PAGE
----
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Lesson from Samer Issawi – The collective fight against oppression is really about the essential, personal fight for human dignity

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Annie reported the happy news that Samer Al-Issawi succeeded in his fight against his unjust incarceration. His eight-month fast ended after he secured an agreement that he would be released later this year. The deal reportedly includes a presidential pardon (issued by Shimon Peres? By his office? What were those conversations like?) that offers Al-Issawi further protection from the Shin Bet. 

The Ma’an News story that conveyed the news carried a striking photograph; I was moved by its potency. In it, the emaciated and wheelchair-bound prisoner is guarded by a thick, forbidding prison guard.

The image communicates easy allegory: Refugees versus an over-gorged nuclear-armed state. Justice versus injustice. Good versus bad. 

SamerAl Issawi
SamerAl Issawi

But it also carries a better, subtler message: The collective fight against oppression is really about the essential, personal fight for human dignity – for ourselves and our loved ones. It’s a fight that compels through its own self-contained logic. The Israeli guard fades away – he’s low-density despite his heft. The wheelchair is immaterial and the bland details evaporate. Al-Issawi’s fierceness, the rawness of his spirit remain. He doesn’t fill the vacuum so much as he overwhelms the space.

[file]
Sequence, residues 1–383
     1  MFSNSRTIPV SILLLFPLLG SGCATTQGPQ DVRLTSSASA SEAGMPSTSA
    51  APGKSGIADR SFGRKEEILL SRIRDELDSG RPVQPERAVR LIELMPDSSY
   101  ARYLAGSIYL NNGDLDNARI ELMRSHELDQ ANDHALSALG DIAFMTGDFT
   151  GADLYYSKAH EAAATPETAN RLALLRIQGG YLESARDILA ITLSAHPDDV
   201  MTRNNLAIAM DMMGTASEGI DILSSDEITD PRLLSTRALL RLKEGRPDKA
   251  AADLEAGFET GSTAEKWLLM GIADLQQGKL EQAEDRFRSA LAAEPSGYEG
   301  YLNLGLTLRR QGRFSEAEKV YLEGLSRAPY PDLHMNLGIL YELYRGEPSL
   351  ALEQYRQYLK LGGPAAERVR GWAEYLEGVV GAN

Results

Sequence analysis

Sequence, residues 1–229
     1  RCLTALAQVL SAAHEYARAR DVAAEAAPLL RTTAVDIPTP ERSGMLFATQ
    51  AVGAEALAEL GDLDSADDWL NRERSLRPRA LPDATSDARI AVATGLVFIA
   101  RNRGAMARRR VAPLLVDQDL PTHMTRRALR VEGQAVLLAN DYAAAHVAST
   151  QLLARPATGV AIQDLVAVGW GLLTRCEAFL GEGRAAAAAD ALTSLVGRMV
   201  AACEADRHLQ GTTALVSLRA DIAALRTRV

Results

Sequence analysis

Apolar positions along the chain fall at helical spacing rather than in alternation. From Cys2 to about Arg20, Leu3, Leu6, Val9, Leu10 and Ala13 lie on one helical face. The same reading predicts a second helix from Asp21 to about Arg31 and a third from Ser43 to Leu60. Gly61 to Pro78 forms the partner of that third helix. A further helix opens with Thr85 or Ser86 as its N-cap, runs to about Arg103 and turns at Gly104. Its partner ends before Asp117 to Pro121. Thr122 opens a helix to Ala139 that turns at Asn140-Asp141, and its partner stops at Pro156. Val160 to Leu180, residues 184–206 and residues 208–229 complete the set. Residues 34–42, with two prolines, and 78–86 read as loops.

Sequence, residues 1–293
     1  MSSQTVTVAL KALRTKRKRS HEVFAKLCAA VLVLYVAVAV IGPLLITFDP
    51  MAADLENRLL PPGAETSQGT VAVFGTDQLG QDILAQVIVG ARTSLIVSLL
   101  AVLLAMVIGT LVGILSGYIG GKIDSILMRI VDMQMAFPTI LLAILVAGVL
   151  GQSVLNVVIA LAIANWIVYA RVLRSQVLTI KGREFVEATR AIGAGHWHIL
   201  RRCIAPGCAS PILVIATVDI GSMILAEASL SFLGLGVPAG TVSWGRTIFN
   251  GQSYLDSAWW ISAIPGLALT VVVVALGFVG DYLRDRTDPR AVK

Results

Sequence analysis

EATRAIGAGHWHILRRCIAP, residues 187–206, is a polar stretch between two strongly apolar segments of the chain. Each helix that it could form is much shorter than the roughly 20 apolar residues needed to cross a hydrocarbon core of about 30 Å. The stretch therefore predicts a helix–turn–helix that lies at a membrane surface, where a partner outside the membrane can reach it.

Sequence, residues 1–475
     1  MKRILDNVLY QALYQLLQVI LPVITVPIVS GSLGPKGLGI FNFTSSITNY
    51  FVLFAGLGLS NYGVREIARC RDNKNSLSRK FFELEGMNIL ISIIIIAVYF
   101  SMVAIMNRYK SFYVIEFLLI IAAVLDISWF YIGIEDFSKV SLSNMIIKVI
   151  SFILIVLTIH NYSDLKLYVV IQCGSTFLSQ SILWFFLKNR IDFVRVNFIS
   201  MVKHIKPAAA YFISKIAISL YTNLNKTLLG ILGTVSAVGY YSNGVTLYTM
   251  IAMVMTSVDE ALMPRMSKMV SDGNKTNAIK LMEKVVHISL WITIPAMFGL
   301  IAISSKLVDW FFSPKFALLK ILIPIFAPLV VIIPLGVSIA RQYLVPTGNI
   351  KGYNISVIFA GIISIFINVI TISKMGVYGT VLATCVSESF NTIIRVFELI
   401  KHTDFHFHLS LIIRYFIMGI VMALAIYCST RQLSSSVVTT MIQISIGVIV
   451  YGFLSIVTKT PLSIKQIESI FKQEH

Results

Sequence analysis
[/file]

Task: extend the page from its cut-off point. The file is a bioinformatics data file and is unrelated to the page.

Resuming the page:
The scene isn’t oppositional. It’s not about good and bad, right and wrong, justice and injustice; there’s no possible equivalency here. What’s on view is the blistered, trial-worn and tempered spirit of a man leavened by the force of his convictions. It’s a universal image. Something powerfully human. 

Ahmed Moor

Ahmed Moor is a Palestinian-American who was born in the Gaza Strip. He is a PD Soros Fellow, co-editor of After Zionism and co-founder and CEO of Twitter: @ahmedmoor

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3 Responses

  1. ritzl on April 29, 2013, 8:50 pm

    I’m so glad he’s going to live. And live to tell his story to the world. I hope he writes a book and comes to the US to talk about it. I’d like to meet him and shake his hand. What courage. What tremendous courage. I mean it, deeply and sincerely.


    He likely won’t be allowed out of the WB or Gaza (if “deported” there). He is likely to be re-arrested. He certainly won’t be allowed back into the WB or Gaza should he write the book and get the opportunity to tell his, and the story of his people abroad (i.e. he likely won’t leave to do so).

    Israel inflicts this pain on people seemingly without cost. But then the incremental awareness is valuable. I hope the trade (and future trades) is worth it from Issawi’s POV. A hero. Unquestionably, but at great cost.

    • annie on April 30, 2013, 2:48 am

      i would love to meet him someday also ritzl. he’s beautiful to me. a living hero and moral giant.

  2. Citizen on April 30, 2013, 3:01 am

    “He is likely to be re-arrested.” More than likely since we are talking about Israeli oppression, tactics regarding PR. Rinse, repeat as needed. S.O.P.

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